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Technology in Australia 1788-1988Australian Academy of Technological Sciences and Engineering
Table of Contents

Chapter 12

I The First Half Century - The Initial Struggle

II The Second Fifty Years - The Start Of Expansion
i General Conditions
ii Early Iron Production
iii The Effects of the Gold Rush - Ballarat in Particular
iv Gawler - A South Australian Industrial Town
v Railways - A Major Employer
vi Brewing and Soft Drinks
vii Drink Containers
viii Food Containers

III The Third Fifty Years - Federation And The First World War

IV The Fourth Period - Second World War To The Present



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Railways - A Major Employer

Transport has always been vital to the existence and expansion of the Colony. Initially, major movement was by water, both sea and river, and thus stimulated boat and ship construction. Land movement remained very expensive and was invariably over difficult terrain that often became impassable in wet weather.

In Victoria, the early railways were privately owned such as the Melbourne and Hobson's Bay Railway Co. which constructed a line from Sandridge (Port Melbourne) to the City which opened in September 1854, three years after the discovery of gold at Ballarat. This became the first railway in Australia. Two other private rail lines were built, one in 1858 ending finally at Hawthorn and one from Spencer Street to Footscray. The Geelong and Melbourne Railway Company completed a line to Geelong and a further connection of Geelong to Ballarat was designed to help the gold mining industry but in the end was the cause of much reduced manufacturing activity in Ballarat.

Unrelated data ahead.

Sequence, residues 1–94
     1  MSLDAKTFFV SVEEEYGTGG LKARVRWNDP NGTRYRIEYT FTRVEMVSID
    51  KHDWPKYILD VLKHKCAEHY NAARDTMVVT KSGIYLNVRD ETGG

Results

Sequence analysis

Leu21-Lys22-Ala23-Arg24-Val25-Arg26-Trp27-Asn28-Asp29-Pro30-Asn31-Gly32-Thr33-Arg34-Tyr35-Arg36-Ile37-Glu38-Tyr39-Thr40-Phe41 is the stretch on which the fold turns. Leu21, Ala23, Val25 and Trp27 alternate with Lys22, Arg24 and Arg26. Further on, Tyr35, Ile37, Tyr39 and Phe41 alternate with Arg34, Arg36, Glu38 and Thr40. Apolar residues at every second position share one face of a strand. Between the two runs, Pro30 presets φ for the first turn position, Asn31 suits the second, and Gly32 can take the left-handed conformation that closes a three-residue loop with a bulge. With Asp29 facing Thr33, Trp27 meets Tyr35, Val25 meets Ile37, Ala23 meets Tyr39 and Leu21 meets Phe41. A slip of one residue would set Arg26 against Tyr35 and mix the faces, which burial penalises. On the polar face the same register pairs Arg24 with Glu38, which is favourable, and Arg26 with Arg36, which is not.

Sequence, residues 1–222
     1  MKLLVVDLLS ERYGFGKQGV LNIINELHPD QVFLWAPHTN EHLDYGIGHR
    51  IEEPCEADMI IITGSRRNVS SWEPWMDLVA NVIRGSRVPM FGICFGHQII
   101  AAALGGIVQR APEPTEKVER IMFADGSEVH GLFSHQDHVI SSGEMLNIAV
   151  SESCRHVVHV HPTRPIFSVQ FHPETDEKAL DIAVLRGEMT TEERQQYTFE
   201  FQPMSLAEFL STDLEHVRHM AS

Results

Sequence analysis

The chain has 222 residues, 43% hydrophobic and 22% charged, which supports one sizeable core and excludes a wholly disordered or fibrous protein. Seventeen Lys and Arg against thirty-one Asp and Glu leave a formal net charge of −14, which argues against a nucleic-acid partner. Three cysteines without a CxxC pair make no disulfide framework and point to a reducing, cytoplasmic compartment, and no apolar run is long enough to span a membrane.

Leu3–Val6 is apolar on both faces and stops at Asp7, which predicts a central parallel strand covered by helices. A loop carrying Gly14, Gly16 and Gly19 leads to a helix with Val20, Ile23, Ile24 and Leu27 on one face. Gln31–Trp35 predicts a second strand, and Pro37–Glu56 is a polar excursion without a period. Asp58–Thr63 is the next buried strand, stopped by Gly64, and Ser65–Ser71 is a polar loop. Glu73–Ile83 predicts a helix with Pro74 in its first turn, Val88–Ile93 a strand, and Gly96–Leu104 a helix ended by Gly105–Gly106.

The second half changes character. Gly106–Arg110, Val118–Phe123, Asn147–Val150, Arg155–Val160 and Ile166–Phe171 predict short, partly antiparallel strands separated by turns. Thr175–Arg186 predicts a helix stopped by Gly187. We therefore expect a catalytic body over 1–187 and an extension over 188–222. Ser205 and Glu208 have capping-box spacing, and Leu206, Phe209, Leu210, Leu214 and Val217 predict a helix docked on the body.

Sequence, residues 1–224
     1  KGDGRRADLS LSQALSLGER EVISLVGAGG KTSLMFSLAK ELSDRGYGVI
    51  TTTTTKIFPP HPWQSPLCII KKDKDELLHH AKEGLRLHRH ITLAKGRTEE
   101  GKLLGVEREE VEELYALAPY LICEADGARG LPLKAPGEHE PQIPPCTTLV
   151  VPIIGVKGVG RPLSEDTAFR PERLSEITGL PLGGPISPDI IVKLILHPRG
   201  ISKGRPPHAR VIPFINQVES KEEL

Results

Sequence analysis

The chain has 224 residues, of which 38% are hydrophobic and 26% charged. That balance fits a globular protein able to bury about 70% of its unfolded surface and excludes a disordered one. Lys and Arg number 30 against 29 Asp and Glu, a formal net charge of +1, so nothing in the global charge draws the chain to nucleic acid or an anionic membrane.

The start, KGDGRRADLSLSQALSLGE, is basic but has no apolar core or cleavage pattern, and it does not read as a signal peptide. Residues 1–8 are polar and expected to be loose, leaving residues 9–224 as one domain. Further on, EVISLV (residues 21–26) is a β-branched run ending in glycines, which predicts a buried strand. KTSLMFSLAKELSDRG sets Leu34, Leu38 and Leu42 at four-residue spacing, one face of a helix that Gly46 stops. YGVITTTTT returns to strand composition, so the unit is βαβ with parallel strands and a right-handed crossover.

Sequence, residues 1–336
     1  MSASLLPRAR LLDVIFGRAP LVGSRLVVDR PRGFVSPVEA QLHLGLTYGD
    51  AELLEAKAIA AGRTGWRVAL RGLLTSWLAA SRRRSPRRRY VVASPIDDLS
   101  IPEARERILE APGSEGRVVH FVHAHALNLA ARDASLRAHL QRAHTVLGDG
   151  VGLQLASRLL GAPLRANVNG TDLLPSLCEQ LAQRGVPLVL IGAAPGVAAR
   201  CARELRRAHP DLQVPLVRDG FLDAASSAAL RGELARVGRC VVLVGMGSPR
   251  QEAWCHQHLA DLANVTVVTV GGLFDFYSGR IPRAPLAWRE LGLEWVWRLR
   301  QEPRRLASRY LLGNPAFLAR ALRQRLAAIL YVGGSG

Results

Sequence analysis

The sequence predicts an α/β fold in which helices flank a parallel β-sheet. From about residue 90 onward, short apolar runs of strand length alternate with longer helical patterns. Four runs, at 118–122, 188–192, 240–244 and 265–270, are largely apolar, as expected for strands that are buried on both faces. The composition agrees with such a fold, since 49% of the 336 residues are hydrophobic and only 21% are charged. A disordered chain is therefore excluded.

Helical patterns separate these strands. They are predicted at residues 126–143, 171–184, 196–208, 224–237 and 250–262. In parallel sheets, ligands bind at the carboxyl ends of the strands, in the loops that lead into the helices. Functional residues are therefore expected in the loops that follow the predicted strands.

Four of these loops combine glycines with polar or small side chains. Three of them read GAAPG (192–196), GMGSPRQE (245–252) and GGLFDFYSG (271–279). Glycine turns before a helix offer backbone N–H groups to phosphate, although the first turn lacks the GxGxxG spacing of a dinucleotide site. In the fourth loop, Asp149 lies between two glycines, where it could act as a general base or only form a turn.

Railways became a huge industry, with some 10,000 workers engaged by 1891, engines were being produced by the Phoenix foundry in Ballarat and sleeper cutting became a substantial part of the timber industry. The development of rail connections from capital cities to major country industrial cities led to the eclipse of the latter in many cases, for example, Ballarat. Further, where extensive government railway workshops were established in the city, it again led to severe reduction in industrial activity in the country, for example, at Gawler in South Australia.

Organisations in Australian Science at Work - Geelong and Melbourne Railway Company; Melbourne and Hobson's Bay Railway Co.; Phoenix Foundry, Ballarat

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© 1988 Print Edition page 857, Online Edition 2000
Published by Australian Science and Technology Heritage Centre, using the Web Academic Resource Publisher